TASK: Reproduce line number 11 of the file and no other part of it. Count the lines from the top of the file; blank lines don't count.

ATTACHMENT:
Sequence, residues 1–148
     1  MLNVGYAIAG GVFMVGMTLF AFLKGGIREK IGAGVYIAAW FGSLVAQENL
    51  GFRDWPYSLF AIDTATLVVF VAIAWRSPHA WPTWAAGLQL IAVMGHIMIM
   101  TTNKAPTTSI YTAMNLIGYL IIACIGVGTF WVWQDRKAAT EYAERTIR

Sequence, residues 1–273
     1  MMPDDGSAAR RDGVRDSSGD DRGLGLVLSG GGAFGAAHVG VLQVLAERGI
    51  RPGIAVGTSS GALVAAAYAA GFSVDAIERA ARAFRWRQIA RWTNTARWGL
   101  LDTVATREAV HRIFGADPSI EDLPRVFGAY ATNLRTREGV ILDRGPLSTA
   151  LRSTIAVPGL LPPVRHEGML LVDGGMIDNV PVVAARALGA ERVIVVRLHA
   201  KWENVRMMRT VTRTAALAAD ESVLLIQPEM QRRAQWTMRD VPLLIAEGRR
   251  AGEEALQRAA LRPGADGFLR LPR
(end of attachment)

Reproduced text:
   251  AGEEALQRAA LRPGADGFLR LPR